Curley Tuttle

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Poor Curley Tuttle, always relegated to the end of an alphabetical list of bluegrass pickers nicknamed after their curly locks, daydreaming of the time an old-time music archivist will evidence of a bluegrass…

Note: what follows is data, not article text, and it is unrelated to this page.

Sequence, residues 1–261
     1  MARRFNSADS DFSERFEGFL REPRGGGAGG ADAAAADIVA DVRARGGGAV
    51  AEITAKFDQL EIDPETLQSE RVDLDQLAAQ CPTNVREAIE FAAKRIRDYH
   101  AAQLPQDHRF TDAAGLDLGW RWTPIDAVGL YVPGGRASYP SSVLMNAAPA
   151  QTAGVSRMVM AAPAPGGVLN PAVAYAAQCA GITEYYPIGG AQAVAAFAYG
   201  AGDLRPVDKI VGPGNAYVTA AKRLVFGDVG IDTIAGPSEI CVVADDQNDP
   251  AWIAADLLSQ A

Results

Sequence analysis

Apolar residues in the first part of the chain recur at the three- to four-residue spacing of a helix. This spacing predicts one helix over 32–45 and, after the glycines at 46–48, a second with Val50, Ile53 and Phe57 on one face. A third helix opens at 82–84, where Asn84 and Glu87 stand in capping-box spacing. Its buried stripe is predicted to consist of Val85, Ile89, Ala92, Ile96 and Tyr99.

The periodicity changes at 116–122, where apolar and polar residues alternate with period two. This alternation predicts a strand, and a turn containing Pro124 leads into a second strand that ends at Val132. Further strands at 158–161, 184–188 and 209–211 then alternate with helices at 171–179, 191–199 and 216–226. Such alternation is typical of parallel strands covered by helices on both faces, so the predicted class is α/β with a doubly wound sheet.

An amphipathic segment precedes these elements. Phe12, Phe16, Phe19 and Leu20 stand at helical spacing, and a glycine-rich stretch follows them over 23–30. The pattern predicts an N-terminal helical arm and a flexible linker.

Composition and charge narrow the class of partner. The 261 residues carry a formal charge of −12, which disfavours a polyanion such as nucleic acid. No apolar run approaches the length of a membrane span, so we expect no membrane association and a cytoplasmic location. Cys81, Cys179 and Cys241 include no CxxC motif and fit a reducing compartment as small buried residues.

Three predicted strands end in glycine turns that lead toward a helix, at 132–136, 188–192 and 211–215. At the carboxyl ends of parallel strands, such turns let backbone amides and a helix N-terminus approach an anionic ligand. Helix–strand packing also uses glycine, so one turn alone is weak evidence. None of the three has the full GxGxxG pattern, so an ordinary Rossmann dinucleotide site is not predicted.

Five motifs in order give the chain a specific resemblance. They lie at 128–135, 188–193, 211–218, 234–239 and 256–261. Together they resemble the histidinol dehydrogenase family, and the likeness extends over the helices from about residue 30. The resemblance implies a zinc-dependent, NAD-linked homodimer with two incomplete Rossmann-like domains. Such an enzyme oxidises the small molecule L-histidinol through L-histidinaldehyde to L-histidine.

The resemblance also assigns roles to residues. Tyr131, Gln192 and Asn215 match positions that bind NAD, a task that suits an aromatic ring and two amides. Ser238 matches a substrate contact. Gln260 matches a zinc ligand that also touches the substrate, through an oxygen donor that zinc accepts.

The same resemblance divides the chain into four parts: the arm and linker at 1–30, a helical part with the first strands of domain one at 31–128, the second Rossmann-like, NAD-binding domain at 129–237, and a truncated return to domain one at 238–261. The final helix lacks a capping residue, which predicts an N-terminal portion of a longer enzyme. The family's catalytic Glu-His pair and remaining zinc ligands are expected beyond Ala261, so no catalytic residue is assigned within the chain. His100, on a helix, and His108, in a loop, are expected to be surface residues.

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Poor Curley Tuttle, always relegated to the end of an alphabetical list of bluegrass pickers nicknamed after their curly locks, daydreaming of the time an old-time music archivist will evidence of a bluegrass picker named Curly Zinnich, even better if it turns out he plays mandolin. Many of the bluegrass curlies do, after all, and a few of them even share Curley Tuttle's stock in trade: the ability to double between the lower register of the baritone vocal and the sound of his mandolin, either trilling in the high register or chipping away at chords with rhythmic precision, yes, but with all the bottom end of a potato chip. One of the most superb early bluegrass combinations billed itself as Dave Woolum, Curley Tuttle, and the Laurel Mountain Boys, the latter organization consisting at least in the studio of just two other fellows: tenor and rhythm guitarist Virgil Joseph and the Gene Sweet's tasty Dobro. The group worked in the regions overlapping Kentucky and Ohio and had some material released on Starday following the usual custom pressings made for on-stage sale. Tuttle first began recording in the mid-'50s, but it was 1960 before he got to record a set of gospel-flavored numbers for Starday, at that point the king of the hill when it came to independent bluegrass releases. The session produced the wonderful track "Road of Shame," later reissued as part of the Rounder label's The Early Days of Bluegrass series. He continued collaborating for at least another decade with the charismatic Woolum in various bands, including the Laurel County Partners, the latter outfit cutting a series of average quality albums for Pine Tree in the '70s.